I glanced over at the portable GPS that I’d purchased second-hand from eBay.  We were in a place called D’Iberville, Mississippi, only about thirty minutes from our final destination.  I could picture the beach house Monica had described so clearly in my mind; the wide porch, the rocking chairs, the columns that had always made me think of welcoming arms.  My foot pressed heavier on the gas pedal.  “Can you hold it just a little longer, Beau?  We’re almost there.”

Scrunching his eyebrows together, he nodded, and began to scratch his mother’s hat in earnest.

Focusing again on the road in front of me, I began noticing the signs for the Biloxi casinos:  Beau Rivage, Isle of Capri, Treasure Bay.  None of Monica’s stories had included mention of the casinos, leaving me to wonder if they’d been built after Monica left, or because they were as alien to the Gulf Coast as their names.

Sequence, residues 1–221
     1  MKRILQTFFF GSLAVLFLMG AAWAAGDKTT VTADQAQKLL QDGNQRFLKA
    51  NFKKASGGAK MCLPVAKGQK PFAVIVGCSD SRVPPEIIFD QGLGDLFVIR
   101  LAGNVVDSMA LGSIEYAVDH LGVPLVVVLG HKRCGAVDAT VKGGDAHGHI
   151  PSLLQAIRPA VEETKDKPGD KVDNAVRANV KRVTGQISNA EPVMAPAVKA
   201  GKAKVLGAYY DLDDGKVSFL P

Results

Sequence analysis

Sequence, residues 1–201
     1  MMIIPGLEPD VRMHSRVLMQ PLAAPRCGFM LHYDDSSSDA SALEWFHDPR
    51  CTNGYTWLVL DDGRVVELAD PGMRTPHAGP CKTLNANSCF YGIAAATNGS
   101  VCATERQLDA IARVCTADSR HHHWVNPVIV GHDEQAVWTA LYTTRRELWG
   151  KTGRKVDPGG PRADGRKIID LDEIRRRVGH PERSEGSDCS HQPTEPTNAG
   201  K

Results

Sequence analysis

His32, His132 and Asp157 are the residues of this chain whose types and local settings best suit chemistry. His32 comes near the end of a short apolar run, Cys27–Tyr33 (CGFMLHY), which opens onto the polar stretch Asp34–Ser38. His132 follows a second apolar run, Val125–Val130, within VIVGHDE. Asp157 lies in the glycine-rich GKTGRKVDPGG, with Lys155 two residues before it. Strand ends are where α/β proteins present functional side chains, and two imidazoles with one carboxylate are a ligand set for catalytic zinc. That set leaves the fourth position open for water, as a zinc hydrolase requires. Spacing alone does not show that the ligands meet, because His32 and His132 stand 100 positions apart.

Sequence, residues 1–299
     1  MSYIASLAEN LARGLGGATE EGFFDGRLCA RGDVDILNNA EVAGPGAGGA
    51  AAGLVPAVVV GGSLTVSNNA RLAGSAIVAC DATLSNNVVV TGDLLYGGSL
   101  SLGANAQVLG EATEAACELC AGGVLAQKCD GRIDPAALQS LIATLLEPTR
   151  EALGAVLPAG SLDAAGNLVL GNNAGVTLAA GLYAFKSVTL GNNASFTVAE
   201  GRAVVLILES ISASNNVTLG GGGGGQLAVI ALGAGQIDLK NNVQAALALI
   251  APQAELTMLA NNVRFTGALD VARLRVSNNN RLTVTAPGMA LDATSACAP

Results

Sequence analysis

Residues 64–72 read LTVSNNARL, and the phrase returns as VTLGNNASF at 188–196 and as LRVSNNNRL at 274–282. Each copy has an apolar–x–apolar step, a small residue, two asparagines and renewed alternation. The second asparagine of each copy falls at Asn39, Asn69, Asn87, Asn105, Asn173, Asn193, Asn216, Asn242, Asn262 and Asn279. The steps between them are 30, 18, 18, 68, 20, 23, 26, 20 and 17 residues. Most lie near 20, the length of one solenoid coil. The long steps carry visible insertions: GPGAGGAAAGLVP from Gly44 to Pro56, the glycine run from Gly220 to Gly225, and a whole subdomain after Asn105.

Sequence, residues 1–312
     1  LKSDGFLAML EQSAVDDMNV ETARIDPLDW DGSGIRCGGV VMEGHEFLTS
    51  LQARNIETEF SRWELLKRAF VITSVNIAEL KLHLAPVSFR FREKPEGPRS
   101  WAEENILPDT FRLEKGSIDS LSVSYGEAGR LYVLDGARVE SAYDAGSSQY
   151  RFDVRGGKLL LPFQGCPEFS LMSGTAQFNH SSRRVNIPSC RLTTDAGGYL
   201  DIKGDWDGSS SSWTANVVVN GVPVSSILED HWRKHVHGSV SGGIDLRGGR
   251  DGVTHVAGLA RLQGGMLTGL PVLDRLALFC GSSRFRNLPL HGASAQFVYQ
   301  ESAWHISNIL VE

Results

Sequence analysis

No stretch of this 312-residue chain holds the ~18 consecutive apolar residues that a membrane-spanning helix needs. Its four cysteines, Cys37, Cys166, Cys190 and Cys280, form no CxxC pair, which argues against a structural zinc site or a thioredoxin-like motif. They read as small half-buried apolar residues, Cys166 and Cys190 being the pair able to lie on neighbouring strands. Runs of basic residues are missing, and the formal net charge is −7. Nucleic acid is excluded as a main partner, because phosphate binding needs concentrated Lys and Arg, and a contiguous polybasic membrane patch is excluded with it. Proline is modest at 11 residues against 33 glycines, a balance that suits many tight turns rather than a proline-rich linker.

Taking the Biloxi exit off of Interstate 10 and onto Interstate 110, the GPS showed the van on a narrow strip of road and surrounded by water on both sides as we crossed the Back Bay of Biloxi toward the peninsula nestled between the Bay and the Mississippi Sound.  I felt hot despite the air-conditioning, my heart pumping a little faster as it suddenly occurred to me the enormity of what I was doing.  Heading into the unknown with a five-year-old child no longer seemed like the sanctuary I’d at first imagined as I’d sat in the lawyer’s office on Lexington Avenue as he’d handed me a set of house keys, and the name and address of a woman with the unusual name of Ray Von Williams.  From twelve hundred miles away, it had all seemed so much more promising than the bleakness of my current situation.  Death and loss, they plague you.  I sighed, finally beginning to understand what Monica had meant.

The March sun skipped and danced over the water as the road rumbled under the minivan’s tires, the constant rhythm doing nothing to dissipate my increased heart rate.  The chipper voice of the GPS, whom Beau had named Gertie, instructed me to exit onto Beach Boulevard, the Mississippi Sound running parallel the road.